The cover of this Dickensian adventure set in nineteenth-century England displays heroine Ivy posing provocatively as Eve for pre-Raphaelite painter Oscar Frosdick. Orphaned at age five, Ivy was forced into the street scams of south London to assist first her scallywag family and then the flame-haired "skinner" Carroty Kate. Laudanum and sleep brings respite from her dismal existence until at sixteen she is spotted as a "stunner" by Frosdick. Unfortunately Frosdick's mother, miffed at being bumped from modeling for her "darling boy," plots a tragic end to Ivy's employment. In the nick of time, Carroty Kate and her colorful crew arrive, hopeful of plunder, and discover Ivy near death. Ivy rallies, rids herself of laudanum, and uses a modeling session gone awry to slip away to her real calling at the Temporary Home for Lost and Starving Dogs. Readers will love the grimy and raucous scenes of London, teeming with a cast of characters conniving to keep both themselves and their various scams alive. Humor abounds, from hoop skirts flipping up and revealing "unmentionables" to the bizarre scene of Frosdick's mother posing in the plum tree. Ivy's easy access to laudanum, her interaction with painter Dante Rosetti, and Carroty Kate's gender revelation provide insight into this historical period. Dialogue is crisp and authentic, and the twisty plot keeps readers guessing. When tenderhearted but languid Ivy finally frees herself of dependence on both drugs and others, she provides the potential for a happy ending and becomes a memorable heroine. Reviewer: Barbara Johnston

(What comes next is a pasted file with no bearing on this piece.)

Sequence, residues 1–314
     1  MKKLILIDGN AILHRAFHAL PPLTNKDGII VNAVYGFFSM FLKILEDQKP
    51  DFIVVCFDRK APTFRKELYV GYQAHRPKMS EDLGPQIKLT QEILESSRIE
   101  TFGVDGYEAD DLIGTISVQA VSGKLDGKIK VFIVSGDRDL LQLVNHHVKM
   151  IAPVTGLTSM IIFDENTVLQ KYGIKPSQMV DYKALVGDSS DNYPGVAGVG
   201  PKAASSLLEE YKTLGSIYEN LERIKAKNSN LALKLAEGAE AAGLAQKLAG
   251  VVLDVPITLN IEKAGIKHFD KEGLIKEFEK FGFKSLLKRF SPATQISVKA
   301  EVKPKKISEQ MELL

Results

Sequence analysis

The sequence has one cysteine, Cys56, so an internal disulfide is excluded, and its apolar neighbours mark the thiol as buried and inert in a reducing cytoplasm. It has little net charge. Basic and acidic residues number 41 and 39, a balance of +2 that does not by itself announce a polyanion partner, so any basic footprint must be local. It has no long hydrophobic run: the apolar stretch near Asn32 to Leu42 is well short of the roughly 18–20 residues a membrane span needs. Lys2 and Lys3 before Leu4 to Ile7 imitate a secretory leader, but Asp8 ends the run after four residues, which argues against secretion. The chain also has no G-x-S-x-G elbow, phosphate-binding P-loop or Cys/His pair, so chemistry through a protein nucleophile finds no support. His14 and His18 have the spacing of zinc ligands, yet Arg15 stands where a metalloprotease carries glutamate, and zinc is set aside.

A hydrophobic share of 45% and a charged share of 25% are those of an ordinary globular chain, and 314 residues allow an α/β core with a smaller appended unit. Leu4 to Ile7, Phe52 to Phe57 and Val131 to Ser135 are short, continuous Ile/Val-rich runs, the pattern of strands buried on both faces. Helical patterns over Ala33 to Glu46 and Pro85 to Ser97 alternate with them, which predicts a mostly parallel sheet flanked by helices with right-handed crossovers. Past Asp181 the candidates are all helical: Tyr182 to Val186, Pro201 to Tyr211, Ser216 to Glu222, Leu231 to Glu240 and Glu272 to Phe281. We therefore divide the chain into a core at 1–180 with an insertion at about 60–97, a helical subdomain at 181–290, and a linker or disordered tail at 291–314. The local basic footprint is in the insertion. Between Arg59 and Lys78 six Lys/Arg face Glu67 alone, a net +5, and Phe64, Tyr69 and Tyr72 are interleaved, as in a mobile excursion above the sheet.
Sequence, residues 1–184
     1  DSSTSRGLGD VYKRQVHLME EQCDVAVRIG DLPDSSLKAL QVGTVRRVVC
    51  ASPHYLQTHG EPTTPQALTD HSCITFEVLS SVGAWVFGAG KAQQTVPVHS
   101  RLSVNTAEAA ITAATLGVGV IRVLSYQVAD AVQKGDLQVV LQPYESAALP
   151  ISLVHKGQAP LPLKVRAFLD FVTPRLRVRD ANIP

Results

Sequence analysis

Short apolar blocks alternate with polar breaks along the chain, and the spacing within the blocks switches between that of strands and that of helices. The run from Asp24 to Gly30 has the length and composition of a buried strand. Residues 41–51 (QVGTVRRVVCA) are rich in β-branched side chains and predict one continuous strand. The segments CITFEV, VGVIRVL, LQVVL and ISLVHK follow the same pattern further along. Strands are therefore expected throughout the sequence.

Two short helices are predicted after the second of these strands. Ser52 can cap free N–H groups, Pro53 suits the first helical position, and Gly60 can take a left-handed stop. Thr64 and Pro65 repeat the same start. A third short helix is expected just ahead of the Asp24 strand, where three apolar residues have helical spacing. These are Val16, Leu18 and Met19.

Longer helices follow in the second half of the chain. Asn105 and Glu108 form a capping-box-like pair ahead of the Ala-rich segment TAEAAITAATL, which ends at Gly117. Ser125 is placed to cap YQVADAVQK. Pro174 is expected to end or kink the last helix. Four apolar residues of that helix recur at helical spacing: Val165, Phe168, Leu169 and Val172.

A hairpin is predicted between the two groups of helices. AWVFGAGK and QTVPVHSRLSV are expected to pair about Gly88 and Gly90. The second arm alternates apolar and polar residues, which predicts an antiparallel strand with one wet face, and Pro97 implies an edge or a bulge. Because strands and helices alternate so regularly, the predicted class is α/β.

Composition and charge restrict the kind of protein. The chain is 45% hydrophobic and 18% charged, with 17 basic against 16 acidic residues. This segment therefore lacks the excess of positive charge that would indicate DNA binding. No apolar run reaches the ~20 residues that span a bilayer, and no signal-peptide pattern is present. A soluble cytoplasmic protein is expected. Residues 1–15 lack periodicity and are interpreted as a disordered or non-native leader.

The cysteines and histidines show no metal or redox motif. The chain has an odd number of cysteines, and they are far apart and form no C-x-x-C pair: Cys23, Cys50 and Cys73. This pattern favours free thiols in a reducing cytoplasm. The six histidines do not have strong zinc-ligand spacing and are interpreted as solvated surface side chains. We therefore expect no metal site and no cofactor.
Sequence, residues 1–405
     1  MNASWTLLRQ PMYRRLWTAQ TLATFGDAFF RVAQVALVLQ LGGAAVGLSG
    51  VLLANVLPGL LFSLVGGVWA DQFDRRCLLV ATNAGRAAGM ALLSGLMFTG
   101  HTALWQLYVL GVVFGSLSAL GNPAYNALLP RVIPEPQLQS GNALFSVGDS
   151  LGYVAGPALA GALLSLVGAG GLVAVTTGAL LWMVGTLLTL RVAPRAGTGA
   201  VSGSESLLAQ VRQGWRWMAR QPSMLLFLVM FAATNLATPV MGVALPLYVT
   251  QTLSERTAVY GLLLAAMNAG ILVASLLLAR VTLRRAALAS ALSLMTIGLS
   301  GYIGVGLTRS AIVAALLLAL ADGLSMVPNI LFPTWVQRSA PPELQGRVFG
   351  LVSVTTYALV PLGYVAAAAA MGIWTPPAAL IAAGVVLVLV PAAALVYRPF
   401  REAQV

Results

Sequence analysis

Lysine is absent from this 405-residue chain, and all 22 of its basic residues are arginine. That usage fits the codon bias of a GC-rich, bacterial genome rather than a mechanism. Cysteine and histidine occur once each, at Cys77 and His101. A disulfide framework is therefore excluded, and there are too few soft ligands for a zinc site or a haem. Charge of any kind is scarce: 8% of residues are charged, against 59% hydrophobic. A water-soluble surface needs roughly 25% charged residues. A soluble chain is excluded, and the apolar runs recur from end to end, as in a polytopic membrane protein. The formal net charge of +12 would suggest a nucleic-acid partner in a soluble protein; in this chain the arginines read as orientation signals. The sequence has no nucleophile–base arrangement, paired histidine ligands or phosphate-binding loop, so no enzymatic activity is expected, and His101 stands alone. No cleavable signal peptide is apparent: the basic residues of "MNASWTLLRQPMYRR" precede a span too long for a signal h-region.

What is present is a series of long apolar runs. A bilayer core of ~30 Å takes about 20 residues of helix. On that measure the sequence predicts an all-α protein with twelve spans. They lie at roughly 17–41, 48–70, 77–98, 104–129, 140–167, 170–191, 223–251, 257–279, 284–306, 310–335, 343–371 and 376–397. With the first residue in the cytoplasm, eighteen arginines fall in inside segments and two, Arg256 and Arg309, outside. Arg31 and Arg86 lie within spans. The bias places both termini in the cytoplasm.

Gr 9 Up- In true Dickensian manner, this atmospheric, richly detailed story takes readers from the slums to the upper-class locales of mid-1800s London. Ivy is a victim throughout much of the book, trying to escape villains who seek her demise. Orphaned and living with uncaring relatives, she runs away at the age of five, after bad experiences during her first day at school. Lost, she is lured by Carroty Kate into a gang of thieves, where she becomes addicted to laudanum. Ten years later, Ivy is back with her family, who profit from her work as a model for a pre-Raphaelite artist with an evil, jealous mother. In a fog of addiction, Ivy lives at the mercy of her circumstances until she is finally able to take charge of her future. Quirky characters, darkly humorous situations, and quick action make this enjoyable historical fiction. An afterword about Dante Gabriel Rossetti and his wife Lizzie Siddal as the inspiration for this novel is included.-Denise Moore, O'Gorman Junior High School, Sioux Falls, SD
Ivy's wild red hair and porcelain skin get her daily work as a painter's model, far from Victorian London's slums, but she can't escape a debilitating addiction to the popular drug laudanum. This entertaining Dickensian yarn introduces teen readers to sooty streets, scheming dodgers, ripe Cockney accents and 19th-century class struggles. The clear narrative voice remains agile throughout, nimbly documenting Ivy's pitiful orphan existence in scenes both humorous and horrific. Readers will find themselves rooting for Ivy to take control as she sinks into numb, drug-induced stupors and allows herself to be continually exploited by bullying relatives, a pompous painter and his authentically evil mother. Hearn infuses Ivy with quiet luminosity and a feisty inner voice that convince readers she might fight to claim her own happiness. Teens will find such contemporary issues as addiction, animal cruelty and vegetarianism nestled comfortably within this clever work of historical fiction. Intricate, engaging language and quirky characters paint a vivid picture of the Victorian era. (Fiction. 14 & up)